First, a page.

31. muscles of mastication • temporalis • medial and lateral pterygoids • masseter

  32. masseter masseter and directions of the lower jawbone movement

  33. sternocleidomastoid sternocleidomastoid muscle is the main muscle on the side of the neck.

  34. neck pain The trapezius muscle is the one that tenses up most often. When you see people reaching back to massage their shoulders, it is the trapezius muscle that they are trying to loosen. The other two muscles that have a tendency to tighten up are the sternocleidomastoid (often called the sterno-mastoid) and the scalene muscles. Keep it Moving! The neck is by far the most mobile portion of the spine. Its ROM is generally 70 to 90 degrees.

  35. bones of the neck, review The bones of the neck are called the cervical vertebrae. Every mammal on earth, even the giraffe, has 7 of them. In humans, the cervical vertebrae are obviously a lot smaller than those of giraffes. They are also a lot smaller than the vertebrae of the other areas of the human spine.

  36. neck pain? Our necks need to use their mobility in order to maintain it. They work best when they can consistently move into and out of their full range of motion in a gentle - that is, not a jarring - way.

  37. non-used necks = injuries We rotate our necks fully when we look over our shoulder and then back the car down the driveway. We extend our necks completely when we look up at the ceiling. The fact that we do not do these things often is one of the major reasons why our necks cause us problems. On occasion, when it’s essential for the neck to move to an extreme range of motion, it can’t cope with the job. That’s when injuries occur.

  38. muscles of the back

  39. trapezius The trapezius covers a large section of the upper back. It conceals the upper part of the shoulder blade.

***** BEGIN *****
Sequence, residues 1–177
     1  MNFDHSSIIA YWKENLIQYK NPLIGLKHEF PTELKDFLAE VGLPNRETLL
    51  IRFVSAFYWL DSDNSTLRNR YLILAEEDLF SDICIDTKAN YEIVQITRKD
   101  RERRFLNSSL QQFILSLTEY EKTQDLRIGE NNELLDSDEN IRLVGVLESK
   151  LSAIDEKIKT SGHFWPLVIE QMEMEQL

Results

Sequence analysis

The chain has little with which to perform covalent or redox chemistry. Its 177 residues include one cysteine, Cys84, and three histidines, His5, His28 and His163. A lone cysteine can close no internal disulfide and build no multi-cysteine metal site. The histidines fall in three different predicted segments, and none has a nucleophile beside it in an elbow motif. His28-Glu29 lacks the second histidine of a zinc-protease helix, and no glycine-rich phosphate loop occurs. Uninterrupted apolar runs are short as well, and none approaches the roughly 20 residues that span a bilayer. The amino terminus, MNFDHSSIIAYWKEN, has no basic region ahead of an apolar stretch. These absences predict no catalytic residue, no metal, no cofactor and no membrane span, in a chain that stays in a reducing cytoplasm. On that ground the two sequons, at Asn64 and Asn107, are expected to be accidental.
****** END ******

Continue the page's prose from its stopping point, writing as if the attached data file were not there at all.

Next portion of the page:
40. latissimus dorsi • The latissimus dorsi occupy the middle back on either side. • The gluteus maximus make up the back of the buttocks.

  41. abdominal muscles 4 muscles of the abdominal area rectus abdominis external oblique internal oblique NS transversus abdominis NS

  42. muscles of the arm

  43. superficial muscles of the chest and front of the arm. • The shoulder muscles are called deltoids. These triangular muscles define the upper shoulders • biceps brachii are easily recognizable large bumps on the upper inside of the arm • The pectoralis muscles span the chest

  44. superficial muscles of the posterior arm triceps brachii – extends the arm, straightening the elbow

  45. leg muscles

  46. anterior muscles of the thigh • Quads: extensor of knee rectus femoris vastus lateralis vastus medius vastus intermedialis • sartorius: cross leg • gracilis: adducts leg

  47. posterior muscles of the thigh The hamstring muscle group comprises three muscles – • biceps femoris • semitendonosus • semimembranosus The action of these muscles is to bend the knee and extend the hip.

  48. adductors of the thigh adductor magnus, longus, brevis and the pectineus, make up the adductor group.  Groin pulls are a strain at the attachment of the adductors to the pubic bone.